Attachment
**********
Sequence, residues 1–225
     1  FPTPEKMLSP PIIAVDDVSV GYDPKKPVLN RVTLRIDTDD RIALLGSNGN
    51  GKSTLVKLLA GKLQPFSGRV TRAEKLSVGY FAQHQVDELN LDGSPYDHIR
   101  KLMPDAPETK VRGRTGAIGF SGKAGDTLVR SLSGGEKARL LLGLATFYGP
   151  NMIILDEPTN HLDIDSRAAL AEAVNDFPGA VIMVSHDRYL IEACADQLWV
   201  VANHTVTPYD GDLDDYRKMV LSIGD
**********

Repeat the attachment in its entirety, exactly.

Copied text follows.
Sequence, residues 1–225
     1  FPTPEKMLSP PIIAVDDVSV GYDPKKPVLN RVTLRIDTDD RIALLGSNGN
    51  GKSTLVKLLA GKLQPFSGRV TRAEKLSVGY FAQHQVDELN LDGSPYDHIR
   101  KLMPDAPETK VRGRTGAIGF SGKAGDTLVR SLSGGEKARL LLGLATFYGP
   151  NMIILDEPTN HLDIDSRAAL AEAVNDFPGA VIMVSHDRYL IEACADQLWV
   201  VANHTVTPYD GDLDDYRKMV LSIGD